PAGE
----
Progress 10/01/03 to 09/30/04

Outputs
The cooperating scientist from Puerto Rico visited the cooperators at the Univerisity of Florida and was trained in isolation techniques for Phytophthora capsici, field identification of symptoms, DNA isolation, and maintainence and purtiy of cultures. Cooperating scientists from UF traveled to Puerto Rico and collected data on field incidence of Phytophthora blight and examined commercial production of susceptible hosts. Isolates were added to the culture collection to include about 120 isolates of P. capsici, where approximately 90 are from all around Florida from 1983 to 2002. Experiments were conducted to determine the differential pathogenicty of isolates on diverse hosts. Isolates were found that were more virulent on a particular host. Isolates were further characterized by by pathogenicity, host specificity, mating types, and resistance to mefenoxam. Field studies were conducted to retrieve P. capsici from weeds after the host crop has been harvested. Weeds were sampled, identified and brought and root and crown samples plated on semi-selective media for the presence of P. capsici as well as other potential pathogens. Oospores may be the source of inoculum in subsequent outbreaks. Oospores were found to persist for prolonged periods and their survival in fields in Florida is much longer than previously reported and easily spans vegetable production seasons in Florida. In addition, P. capsici isolates were characterized for sensitivity to mefenoxam (Ridomil Gold EC), the active enantioner of metalaxyl, the old chemical formulation. Out of 71 isolates tested, eight isolates showed intermediate resistance to this fungicide; what was more interesting is that this type of resistance was found in three isolates from Florida, one from 1982, one from 1983, and one from 1984. Resistant isolates accounted for 16 isolates, most of them from the years 2000 and 2001. What was even more interesting was that two isolates from 1987 were resistant to mefenoxam, ten years before this fungicide was used, and probably only a few years after metalaxyl (Ridomil) had started to be used. A field trial was established to compare two field inoculation methods for reproducibilty of P capsici infection with peppers characterized with different leveles of resistance. Field trials evaluating methods of mangaement will continue and others established in 2005.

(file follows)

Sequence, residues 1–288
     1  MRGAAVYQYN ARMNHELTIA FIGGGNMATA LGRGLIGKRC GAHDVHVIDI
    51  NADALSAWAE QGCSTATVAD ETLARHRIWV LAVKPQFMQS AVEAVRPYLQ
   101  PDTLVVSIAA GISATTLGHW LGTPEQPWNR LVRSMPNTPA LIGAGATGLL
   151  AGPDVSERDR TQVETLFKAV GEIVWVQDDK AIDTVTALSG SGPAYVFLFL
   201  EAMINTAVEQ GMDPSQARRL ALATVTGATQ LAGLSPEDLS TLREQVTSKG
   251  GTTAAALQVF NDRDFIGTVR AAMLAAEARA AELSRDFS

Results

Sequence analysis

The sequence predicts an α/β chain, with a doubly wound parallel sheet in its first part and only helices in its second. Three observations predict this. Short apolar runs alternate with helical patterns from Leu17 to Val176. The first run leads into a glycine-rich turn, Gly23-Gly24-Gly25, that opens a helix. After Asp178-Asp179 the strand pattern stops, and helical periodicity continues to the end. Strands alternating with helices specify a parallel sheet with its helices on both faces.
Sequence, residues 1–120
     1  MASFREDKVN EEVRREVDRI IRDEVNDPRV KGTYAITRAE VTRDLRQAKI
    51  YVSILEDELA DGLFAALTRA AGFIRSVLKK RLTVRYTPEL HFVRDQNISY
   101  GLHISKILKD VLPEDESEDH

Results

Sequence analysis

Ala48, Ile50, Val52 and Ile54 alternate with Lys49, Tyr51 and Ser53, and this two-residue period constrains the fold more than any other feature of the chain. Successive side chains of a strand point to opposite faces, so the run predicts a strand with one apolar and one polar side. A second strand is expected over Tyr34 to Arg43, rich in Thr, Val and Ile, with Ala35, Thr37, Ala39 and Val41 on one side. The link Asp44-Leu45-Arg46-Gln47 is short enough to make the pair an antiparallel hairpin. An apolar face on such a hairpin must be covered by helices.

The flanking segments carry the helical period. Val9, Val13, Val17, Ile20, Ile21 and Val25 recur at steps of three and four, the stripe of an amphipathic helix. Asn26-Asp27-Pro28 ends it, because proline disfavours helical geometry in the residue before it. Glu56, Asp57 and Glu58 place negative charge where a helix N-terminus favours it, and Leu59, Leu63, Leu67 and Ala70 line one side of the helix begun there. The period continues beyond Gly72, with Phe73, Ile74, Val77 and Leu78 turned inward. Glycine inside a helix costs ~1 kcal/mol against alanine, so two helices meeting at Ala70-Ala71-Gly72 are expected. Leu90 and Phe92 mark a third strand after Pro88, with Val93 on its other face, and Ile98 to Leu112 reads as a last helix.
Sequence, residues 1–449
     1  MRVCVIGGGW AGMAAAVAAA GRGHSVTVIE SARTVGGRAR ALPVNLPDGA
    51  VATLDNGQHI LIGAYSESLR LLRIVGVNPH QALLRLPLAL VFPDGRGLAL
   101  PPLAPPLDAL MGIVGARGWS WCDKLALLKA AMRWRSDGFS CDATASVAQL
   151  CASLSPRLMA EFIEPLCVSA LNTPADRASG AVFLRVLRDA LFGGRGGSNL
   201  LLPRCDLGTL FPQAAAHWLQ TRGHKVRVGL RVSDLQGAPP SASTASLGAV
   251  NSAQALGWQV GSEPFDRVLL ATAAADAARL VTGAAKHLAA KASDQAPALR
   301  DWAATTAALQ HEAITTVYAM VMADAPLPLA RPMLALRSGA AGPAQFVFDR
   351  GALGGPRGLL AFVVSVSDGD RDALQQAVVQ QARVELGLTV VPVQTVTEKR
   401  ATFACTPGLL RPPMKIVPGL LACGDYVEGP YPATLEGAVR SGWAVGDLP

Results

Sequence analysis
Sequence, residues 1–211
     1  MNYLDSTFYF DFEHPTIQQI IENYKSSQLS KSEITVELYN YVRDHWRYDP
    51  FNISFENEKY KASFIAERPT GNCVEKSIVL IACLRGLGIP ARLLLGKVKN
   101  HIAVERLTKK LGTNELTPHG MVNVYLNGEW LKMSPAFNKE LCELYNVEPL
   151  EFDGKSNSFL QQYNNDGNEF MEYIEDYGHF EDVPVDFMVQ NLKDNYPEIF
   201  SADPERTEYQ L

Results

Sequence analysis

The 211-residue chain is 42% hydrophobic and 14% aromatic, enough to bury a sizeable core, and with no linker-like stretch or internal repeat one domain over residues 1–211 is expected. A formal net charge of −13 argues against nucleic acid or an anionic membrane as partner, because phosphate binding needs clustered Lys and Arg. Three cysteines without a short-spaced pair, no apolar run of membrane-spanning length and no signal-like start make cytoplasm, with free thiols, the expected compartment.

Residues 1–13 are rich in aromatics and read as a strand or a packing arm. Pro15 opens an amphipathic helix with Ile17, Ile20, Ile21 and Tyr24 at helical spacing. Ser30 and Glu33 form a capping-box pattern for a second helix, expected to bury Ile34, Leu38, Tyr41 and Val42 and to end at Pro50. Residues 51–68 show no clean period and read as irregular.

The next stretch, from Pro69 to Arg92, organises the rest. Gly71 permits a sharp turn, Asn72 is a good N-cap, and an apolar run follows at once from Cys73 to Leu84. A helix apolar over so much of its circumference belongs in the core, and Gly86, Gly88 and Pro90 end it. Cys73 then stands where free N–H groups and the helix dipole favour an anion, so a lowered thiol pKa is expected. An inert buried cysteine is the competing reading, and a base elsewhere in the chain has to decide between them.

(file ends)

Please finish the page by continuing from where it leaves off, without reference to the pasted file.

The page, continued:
Impacts
Information regarding the epidemiology of Phytophthora capsici in a subtropical and tropical climate is critical to formulate novel control measures and manage disease outbreaks. Information from these studies will yield important information on the pathogen and its behavior in this climate. Information on isolate variability can be used to determine the potential that resistance has a means for control of this disease. Screening for resistance and the development of a screening tool can be help to identify sources of resistance to P. capsici. An area of management utilizing non-traditional techniques such as the systemic acquired resistance inducers for plant defenses, biological agents with proven abilities, compost that suppresses pathogen population and combined with soil fumigation, ontogenic resistance, and other commercial disease management practices may help to manage the disease.

Publications

  • ROBERTS, P.D., FRENCH-MONAR, R.D., URS, R.R., MCGOVERN, R.J. 2004. Recovery of Phytophthora capsici and phytopathogenic oomycetes from irrigation water in Florida. Fitopatologia 39: (In press).
  • ROBERTS, P.D., URS, R.R., FRENCH-MONAR, R.D., HOFFINE, M.S., SEIJO. T.E.,MCGOVERN, R.J. 2005. Survival and recovery of Phytophthora capsici and oomycetes in tailwater and soil from vegetable fields in Florida. Annals of Applied Biology (in press).
  • French-Monar, R., Jones, J., McGovern, R., and Roberts, P. 2004. Identification of inoculum sources in the field for Phytophthora blight and rot of pepper in Florida. (Abstr.) Book of Abstracts: The 17th International Pepper Conference. p. 5